Similarly, even though the bahu (played seamlessly by Supriya Pilgaonkar) would outdo her saas at times, she'd never demean her.

Can something like this be shown in a saas-bahu oriented show today where everybody is looking for an opportunity to humiliate the other? Probably not.

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Another thing that set the show apart was the fact that underneath all the nagging and nitpicking, was an undercurrent of love and respect. Two ingredients that are absolutely indispensable to any relationship.

While the saas and the bahu in the show were as different as chalk and cheese, they both sorted out their arguments at the end of each episode. No matter how big the fight, good sense always used to prevail and peace used to be restored leaving nothing but a residue of humour behind.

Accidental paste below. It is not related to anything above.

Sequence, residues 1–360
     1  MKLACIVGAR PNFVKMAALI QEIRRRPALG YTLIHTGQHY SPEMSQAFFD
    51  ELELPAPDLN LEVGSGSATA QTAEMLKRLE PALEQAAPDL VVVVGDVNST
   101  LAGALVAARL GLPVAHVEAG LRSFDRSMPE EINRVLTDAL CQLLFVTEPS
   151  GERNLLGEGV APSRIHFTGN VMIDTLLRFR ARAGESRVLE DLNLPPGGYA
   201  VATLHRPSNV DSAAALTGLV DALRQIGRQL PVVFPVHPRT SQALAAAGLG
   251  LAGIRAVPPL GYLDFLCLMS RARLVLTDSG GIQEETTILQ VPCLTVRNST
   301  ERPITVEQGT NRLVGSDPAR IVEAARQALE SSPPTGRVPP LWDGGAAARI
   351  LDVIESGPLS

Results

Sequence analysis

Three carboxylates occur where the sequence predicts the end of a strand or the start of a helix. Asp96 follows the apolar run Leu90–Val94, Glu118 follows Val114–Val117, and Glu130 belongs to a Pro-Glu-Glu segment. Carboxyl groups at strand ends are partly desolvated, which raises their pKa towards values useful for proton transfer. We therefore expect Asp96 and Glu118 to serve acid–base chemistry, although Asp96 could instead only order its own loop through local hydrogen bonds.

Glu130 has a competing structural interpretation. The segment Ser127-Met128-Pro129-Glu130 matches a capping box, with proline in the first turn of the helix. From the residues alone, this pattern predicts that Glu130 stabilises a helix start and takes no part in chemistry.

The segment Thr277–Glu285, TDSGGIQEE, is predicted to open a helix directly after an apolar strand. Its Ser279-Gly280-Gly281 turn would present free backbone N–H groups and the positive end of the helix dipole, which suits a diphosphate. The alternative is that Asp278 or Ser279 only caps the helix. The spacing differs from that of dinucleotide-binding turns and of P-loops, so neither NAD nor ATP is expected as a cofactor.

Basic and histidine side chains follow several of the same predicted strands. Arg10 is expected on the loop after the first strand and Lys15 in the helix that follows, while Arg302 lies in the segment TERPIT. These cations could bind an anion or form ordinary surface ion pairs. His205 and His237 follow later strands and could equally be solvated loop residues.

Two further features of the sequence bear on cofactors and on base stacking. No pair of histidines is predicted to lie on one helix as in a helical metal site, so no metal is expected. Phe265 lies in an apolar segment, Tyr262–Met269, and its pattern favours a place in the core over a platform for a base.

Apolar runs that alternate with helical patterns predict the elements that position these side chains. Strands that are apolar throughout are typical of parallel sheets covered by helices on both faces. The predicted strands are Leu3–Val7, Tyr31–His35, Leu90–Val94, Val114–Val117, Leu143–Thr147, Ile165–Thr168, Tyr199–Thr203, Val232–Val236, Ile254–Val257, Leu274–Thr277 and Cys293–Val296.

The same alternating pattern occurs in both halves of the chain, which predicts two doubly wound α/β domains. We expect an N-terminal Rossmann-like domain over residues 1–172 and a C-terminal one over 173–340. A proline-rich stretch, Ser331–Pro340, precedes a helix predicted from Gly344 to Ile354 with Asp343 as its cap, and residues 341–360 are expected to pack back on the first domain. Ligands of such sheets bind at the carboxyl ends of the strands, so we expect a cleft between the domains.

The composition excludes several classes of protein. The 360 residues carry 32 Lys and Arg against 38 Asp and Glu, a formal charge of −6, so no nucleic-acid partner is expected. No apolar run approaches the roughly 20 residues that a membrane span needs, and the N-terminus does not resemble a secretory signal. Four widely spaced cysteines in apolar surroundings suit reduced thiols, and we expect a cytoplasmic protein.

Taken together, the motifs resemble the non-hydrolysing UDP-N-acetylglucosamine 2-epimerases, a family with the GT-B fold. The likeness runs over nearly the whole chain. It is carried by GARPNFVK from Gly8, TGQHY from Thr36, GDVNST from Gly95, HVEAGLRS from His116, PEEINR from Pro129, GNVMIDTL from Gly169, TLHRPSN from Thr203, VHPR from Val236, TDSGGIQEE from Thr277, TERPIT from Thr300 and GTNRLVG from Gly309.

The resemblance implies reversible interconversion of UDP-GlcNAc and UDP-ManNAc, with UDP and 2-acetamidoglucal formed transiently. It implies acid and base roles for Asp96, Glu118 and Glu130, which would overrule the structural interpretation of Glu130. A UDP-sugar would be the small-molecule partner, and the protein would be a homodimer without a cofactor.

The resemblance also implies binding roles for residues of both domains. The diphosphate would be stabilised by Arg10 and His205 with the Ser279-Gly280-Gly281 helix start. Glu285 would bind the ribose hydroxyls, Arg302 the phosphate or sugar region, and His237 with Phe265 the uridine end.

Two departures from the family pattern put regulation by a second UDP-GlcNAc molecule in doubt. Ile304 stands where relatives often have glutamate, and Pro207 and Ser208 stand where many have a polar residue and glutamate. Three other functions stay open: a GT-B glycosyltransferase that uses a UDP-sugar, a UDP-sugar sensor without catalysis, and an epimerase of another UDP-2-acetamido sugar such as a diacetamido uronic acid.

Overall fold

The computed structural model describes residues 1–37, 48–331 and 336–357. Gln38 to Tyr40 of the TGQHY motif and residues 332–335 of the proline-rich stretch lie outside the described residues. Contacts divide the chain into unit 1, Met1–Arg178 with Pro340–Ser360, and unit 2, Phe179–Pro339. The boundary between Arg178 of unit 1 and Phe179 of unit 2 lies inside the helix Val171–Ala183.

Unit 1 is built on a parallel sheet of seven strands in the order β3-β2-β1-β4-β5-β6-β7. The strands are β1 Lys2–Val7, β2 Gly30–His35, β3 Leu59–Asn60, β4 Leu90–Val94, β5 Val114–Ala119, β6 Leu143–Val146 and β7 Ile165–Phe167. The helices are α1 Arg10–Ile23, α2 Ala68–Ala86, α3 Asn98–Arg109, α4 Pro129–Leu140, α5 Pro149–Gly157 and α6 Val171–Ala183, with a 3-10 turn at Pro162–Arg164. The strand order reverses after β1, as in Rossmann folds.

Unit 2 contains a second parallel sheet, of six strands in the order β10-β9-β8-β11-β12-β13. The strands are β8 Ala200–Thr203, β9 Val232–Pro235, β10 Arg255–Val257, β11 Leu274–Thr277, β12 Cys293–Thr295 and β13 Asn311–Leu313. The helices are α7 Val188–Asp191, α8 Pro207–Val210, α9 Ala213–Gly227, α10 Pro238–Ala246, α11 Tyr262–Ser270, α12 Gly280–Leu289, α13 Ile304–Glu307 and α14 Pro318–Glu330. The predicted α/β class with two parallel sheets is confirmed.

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Pick any show today. The moment a character begs to differ, the family head wastes no time in ousting him/her. The saas trusts everybody except her bahu. Quite unlike Tu Tu Main Main where no matter how vast the ideological differences, the saas-bahu duo always exhibited a united front to the outside world.

Irrespective of the amount of nagging, the saas always took pride in her bahu's achievements and vice-versa.

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More than 16 years after it ended, Tu Tu Main Main still remains an illustrious member of the classic 90s TV show club' alongside shows like Shriman Shrimati and Dekh Bhai Dekh. An ode of sorts to simpler times, the show was a crash course in embracing each other's differences.

Source: Wikipedia

But above all, it was a testimony to Reema Lagoo's acting prowess who convinced us that a mother-in-law can be your best friend too.

Source: Deccan Chronicle

R.I.P ma'am. You'll be missed.